A Good Reason
James explains why we should follow this advice. “Man’s anger does not bring about the righteous life that God desires.” In other words, losing our temper, being harsh, nursing a grudge, failing to listen . . . are all things that short-circuit our spiritual growth.
This of course is the opposite of the way the world thinks. The world encourages us to gain an advantage through intimidation. Raise your voice. Be sarcastic. Use physical force. Threaten to sue. Engage in public humiliation. Think about how many times you hear people brag about how they “told someone off”.
The Bible wants us to see that such tactics may win a battle, but they often cause you to lose the war. I was reading just this week that one of the causes of World War II was the fact that the victors in World War I sought to use the victory to humiliate Germany. The resentment led to World War II.
The tactics of the world undermine our Christian witness. The Christian who is red-faced, and pointing at others with a clenched fist communicates that they don’t really believe the message of love they say they proclaim. The Christian who fails to listen to the heartache or questions of another show that they really are not concerned with the person, they are only concerned about getting “converts”.
James continues and gives us a strategy. He says, “Therefore, get rid of all moral filth and the evil that is so prevalent and humbly accept the word planted in you, which can save you.”
The phrase, “get rid of all moral filth” conveys the picture of a person taking off soiled clothes. Many homes have what is called a “mud room”. The whole purpose of the room is to have a place where you can get rid of the dirt before you come into the home. James is telling us that before we can move forward in our faith we have to deal with the behaviors that have stained our soul and our lives.
It is not enough to nod as we listen to these words, it’s not enough to admire their wisdom; it’s not enough to underline them, memorize them, or put them on a plaque on our wall. James says we need to take action. We need to aggressively work to change our behavior. We need to stop destructive behavior. We need to work at listening, we need to work at choosing our words and we must be controlled in our anger.
In addition, James tells us to humbly let God bring about real change in our lives. Let’s draw an analogy. If you have a physical problem you might go to a surgeon to correct that problem. The surgeon can do what you cannot do by yourself. When you are wheeled in to surgery you are trusting the surgeon to fix you.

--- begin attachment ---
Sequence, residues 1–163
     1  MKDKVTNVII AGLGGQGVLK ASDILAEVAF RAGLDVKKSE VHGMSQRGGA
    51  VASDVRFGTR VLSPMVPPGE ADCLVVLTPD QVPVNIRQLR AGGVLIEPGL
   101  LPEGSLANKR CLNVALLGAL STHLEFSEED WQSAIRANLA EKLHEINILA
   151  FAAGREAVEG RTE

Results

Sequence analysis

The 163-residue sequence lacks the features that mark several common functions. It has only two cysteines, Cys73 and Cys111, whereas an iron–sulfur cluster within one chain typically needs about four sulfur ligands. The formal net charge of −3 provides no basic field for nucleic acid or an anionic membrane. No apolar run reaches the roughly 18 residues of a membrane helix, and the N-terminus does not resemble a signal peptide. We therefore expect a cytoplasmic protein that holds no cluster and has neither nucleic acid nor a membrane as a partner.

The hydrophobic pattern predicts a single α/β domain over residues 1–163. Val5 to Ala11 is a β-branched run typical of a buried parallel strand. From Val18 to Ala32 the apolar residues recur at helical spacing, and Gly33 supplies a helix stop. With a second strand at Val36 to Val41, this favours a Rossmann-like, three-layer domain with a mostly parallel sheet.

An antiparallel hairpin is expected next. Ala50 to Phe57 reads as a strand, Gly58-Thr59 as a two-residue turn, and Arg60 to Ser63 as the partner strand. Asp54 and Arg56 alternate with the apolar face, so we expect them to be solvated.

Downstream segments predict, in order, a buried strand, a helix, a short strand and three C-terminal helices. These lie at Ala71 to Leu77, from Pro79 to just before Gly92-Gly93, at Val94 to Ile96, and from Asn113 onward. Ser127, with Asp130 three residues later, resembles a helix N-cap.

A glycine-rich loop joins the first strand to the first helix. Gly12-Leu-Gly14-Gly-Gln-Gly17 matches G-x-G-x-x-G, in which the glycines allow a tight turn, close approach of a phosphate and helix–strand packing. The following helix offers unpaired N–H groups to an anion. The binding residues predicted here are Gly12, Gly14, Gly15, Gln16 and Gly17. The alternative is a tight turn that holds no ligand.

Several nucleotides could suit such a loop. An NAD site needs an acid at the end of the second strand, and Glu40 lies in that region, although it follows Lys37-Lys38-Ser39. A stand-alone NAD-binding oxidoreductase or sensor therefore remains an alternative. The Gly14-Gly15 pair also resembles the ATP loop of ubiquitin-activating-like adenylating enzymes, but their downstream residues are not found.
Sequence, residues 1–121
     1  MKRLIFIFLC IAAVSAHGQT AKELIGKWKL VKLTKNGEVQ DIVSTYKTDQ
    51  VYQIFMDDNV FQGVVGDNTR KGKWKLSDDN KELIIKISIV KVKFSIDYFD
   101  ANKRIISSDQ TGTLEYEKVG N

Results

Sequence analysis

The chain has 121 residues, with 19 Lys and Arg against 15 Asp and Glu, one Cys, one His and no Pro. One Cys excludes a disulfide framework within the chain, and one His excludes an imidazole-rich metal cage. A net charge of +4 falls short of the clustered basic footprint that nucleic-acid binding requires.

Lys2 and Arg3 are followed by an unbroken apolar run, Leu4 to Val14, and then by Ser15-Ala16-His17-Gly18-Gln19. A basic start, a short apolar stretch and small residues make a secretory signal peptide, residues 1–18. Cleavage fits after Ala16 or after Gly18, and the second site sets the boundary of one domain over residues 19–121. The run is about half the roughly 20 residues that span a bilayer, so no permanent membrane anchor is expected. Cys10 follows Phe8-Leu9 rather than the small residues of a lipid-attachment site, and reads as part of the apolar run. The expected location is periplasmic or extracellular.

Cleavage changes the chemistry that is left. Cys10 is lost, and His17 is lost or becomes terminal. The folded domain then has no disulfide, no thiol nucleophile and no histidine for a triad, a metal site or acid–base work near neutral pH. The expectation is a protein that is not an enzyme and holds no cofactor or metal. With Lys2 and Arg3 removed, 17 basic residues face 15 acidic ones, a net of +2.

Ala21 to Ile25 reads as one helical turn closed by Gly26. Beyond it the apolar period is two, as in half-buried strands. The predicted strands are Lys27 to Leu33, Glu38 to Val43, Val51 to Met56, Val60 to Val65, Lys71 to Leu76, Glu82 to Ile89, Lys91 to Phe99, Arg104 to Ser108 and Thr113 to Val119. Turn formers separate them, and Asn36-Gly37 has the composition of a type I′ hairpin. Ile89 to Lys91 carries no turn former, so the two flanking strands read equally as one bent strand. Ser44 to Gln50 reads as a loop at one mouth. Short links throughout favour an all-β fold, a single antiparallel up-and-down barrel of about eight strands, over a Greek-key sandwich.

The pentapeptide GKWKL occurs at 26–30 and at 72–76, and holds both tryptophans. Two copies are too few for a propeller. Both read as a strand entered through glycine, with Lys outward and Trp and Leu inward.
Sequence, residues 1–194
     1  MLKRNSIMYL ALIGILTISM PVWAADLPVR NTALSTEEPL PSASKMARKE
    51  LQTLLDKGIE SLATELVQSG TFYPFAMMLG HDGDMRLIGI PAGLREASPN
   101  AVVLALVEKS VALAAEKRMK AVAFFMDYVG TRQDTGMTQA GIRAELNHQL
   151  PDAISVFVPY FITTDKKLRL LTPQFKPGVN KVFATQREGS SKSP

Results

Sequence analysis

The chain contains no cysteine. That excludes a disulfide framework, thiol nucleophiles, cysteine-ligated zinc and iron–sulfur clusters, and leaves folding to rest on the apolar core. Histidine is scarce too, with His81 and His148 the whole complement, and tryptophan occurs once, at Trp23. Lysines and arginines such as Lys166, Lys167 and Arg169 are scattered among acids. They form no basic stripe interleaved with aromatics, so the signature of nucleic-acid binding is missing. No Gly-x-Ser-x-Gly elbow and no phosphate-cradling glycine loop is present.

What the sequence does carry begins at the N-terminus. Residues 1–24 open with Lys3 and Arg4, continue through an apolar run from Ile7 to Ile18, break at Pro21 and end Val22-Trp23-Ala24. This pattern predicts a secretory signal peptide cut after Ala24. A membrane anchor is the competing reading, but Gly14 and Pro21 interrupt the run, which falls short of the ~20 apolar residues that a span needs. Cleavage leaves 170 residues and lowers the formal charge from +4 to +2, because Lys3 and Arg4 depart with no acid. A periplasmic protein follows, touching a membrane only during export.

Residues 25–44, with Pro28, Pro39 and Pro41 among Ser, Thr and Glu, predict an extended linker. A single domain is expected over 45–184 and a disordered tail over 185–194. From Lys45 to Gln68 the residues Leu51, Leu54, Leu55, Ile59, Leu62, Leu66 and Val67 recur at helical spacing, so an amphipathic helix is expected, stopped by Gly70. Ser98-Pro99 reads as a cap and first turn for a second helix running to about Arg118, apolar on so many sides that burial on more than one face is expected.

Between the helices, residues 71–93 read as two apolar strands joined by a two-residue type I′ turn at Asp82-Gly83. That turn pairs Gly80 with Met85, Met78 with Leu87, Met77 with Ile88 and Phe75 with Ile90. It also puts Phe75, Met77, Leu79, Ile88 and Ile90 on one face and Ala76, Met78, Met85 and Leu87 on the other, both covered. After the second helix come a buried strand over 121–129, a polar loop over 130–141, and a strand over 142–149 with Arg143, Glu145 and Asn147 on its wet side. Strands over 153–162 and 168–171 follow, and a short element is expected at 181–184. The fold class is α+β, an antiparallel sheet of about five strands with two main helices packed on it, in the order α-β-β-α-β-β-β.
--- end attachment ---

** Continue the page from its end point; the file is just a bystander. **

In some respects James is telling us to do the same thing. We must recognize the seriousness of the problem. We must seek God’s help in overcoming our self-centeredness, our indifference, and our aggressive ways with others. We must trust God to change our heart. The first step is to trust God to forgive us and make us new through the work of Christ. However, this surrender is not a one-time thing. We must continually renew this trust in the ability of God to change us.
Continue the analogy with me. Once the surgery is finished and the problem is repaired you will be given instructions for how to heal fully. You may be given exercises or told to limit your activity for a certain period of time. Some of those instructions may seem counterintuitive such as when you are told to exercise your knee and you discover that doing so hurts. Your job is to humbly submit to the instructions of the surgeon. Your job is to follow the instructions. If you do, you will heal fully. If you don’t follow the instruction you will may be cured of the problem but you will risk complications or have to live with limitations.
In a similar vein, God gives us a new heart when we come to Christ, and then gives us instructions on how to live that life in the pages of the Bible. If we want to be truly transformed we need to not only trust the work of the surgeon (the Holy Spirit). . . we must humbly follow the directions He gives us in the Bible.
This counsel from James is life-changing. I encourage you to memorize these verses. Review them daily. Commit yourself to putting into practice these principles. Make it a point to listen carefully to others. You may want to do what one of Rick’s friends did and spend one day focused on simply listening. You will be surprised at what you learn.
Determine to SEE other people. Observe their non-verbal messages. Try to see their perspective. Learn their stories. Try to understand their struggles. See their point of view. Resist jumping to premature conclusions.
Apply these truths in your relationship with God. Make time during your prayer time to listen. Listen to His Word and listen to the whispers and promptings of God’s Spirit. Instead of trying to intimidate God (that even sounds stupid, doesn’t it?) humbly submit to His commands. Instead of fighting God . . . trust Him. Agree to try things His way.
If we heed this counsel from James we will grow in our relationship with God. We will have stronger relationships with each other. We will enjoy life more fully because we will start to see beyond the narrow focus of our own little world.
If we take the advice of James we will most likely sleep better. We’ll smile more. But most of all we will represent our blessed Savior more effectively and as a consequence we will be used by God as an agent of His grace.